Mere church defines itself in relationship to Jesus. It takes courage for a denomination not to define itself according to some special revelation or experience. Before the Church of the Nazarene was a denomination, most future members were part of the Holiness Movement of the 19th century. The hymn “Called unto Holiness” was the denomination’s anthem. The denomination’s distinctive appeal was the doctrine of sanctification—sometimes called the second blessing or perfect love. Because the denomination saw itself as preserving the holiness teaching and experience of John Wesley, it was sometimes slow to embrace all the other biblical truths about being church.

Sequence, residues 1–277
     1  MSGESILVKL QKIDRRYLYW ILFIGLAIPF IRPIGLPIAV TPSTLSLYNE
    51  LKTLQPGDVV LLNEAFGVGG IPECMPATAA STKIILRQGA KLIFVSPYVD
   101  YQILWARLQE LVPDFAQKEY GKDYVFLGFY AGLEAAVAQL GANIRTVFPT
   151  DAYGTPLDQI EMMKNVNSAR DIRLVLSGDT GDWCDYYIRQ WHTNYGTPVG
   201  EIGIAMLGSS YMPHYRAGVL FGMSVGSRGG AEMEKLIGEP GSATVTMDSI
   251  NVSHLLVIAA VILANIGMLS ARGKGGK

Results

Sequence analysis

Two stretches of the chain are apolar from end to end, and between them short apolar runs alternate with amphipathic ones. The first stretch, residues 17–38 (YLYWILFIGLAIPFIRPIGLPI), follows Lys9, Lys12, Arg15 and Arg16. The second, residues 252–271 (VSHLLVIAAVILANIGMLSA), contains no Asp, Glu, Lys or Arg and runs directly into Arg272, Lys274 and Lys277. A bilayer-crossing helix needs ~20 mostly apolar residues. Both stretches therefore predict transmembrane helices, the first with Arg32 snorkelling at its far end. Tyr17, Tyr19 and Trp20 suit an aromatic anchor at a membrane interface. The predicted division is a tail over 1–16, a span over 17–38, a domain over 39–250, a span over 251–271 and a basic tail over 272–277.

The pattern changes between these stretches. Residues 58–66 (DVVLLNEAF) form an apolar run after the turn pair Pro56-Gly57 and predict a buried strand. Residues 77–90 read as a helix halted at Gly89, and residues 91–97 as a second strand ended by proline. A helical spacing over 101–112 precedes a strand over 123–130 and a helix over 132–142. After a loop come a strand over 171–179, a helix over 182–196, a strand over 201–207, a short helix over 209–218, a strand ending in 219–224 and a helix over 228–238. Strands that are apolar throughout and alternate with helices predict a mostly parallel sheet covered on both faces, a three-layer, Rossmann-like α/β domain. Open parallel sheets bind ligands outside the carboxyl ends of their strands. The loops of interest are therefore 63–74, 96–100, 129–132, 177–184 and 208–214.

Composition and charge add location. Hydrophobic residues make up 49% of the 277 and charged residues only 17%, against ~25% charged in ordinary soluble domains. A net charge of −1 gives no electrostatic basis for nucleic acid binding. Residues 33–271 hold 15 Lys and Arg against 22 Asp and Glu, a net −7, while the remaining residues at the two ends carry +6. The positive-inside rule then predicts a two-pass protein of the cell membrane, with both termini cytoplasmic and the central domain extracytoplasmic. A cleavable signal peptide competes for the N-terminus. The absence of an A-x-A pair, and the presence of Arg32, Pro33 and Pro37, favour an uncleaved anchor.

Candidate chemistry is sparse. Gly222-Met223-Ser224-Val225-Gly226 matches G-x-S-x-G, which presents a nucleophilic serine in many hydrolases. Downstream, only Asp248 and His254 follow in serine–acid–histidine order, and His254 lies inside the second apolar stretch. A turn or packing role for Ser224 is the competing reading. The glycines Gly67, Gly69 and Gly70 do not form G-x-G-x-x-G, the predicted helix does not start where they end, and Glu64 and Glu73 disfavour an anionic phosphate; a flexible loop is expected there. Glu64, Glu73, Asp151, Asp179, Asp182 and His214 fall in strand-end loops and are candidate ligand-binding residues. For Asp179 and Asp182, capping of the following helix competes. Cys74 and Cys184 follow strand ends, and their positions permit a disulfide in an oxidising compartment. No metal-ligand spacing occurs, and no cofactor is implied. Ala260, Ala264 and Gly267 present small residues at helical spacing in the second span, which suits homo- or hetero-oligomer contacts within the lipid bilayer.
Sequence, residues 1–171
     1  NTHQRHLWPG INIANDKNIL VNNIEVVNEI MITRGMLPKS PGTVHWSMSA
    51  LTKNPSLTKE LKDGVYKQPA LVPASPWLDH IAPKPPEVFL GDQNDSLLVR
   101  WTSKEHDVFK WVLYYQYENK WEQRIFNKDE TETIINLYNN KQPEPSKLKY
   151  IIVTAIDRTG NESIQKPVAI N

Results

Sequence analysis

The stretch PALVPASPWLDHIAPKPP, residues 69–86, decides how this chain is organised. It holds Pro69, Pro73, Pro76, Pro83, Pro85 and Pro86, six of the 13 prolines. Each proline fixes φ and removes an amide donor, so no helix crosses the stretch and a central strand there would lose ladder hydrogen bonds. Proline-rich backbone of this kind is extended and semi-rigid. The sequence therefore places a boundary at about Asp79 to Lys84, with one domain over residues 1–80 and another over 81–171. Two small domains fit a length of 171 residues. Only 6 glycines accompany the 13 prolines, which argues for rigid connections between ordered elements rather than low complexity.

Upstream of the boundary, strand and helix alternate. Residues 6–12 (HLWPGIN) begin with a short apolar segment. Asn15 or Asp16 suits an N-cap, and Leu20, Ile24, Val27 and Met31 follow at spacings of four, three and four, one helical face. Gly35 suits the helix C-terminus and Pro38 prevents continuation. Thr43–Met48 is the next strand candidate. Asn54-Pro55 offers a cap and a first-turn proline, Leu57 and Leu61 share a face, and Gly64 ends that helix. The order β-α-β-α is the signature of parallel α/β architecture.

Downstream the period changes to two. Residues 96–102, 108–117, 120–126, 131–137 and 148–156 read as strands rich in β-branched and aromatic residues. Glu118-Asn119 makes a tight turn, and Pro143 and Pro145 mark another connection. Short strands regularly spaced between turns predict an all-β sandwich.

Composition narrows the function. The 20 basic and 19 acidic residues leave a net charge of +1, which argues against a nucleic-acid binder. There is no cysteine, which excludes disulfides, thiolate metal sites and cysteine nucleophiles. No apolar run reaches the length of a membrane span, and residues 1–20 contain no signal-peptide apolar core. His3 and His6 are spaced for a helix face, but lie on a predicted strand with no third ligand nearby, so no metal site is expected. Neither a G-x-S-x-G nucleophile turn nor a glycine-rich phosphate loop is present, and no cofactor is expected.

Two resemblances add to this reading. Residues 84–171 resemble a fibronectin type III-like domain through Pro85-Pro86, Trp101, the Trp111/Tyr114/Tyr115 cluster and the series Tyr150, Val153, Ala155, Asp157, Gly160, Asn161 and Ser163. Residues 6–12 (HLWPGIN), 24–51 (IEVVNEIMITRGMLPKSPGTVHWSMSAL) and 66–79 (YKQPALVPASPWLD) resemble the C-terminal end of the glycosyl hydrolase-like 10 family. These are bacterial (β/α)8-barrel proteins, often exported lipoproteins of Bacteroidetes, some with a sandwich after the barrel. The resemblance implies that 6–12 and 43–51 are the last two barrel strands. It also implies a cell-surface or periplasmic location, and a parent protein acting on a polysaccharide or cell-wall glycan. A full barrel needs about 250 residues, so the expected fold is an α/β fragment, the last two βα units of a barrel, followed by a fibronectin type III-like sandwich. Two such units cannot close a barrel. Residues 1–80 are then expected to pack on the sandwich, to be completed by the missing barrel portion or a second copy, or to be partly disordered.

Today, however, even many denominational churches, like the Church of the Nazarene, are becoming mere church. Without forsaking the experience of heart holiness, Nazarene congregations are becoming full-service: helping the poor, disciplining believers, and making more room for the gifts of the Holy Spirit.Most denominations are weaving distinctive core values into the whole tapestry that Scripture calls all churches to be.

Even Charismatic and Pentecostal fellowships are becoming mere church. Many, some after tragic scandals, are embracing an emphasis on holiness and accountability. Like the holiness folks, Pentecostals often defined themselves by a spiritual experience, variously called the baptism of the Holy Spirit or the fullness of the Spirit. Pentecostals, and to a lesser degree, charismatics, saw this as accompanied by speaking in tongues. But Pentecostals have realized, as the old saw goes, “What matters is not how high you jump when the Spirit moves you, but how straight you walk when you come back down.”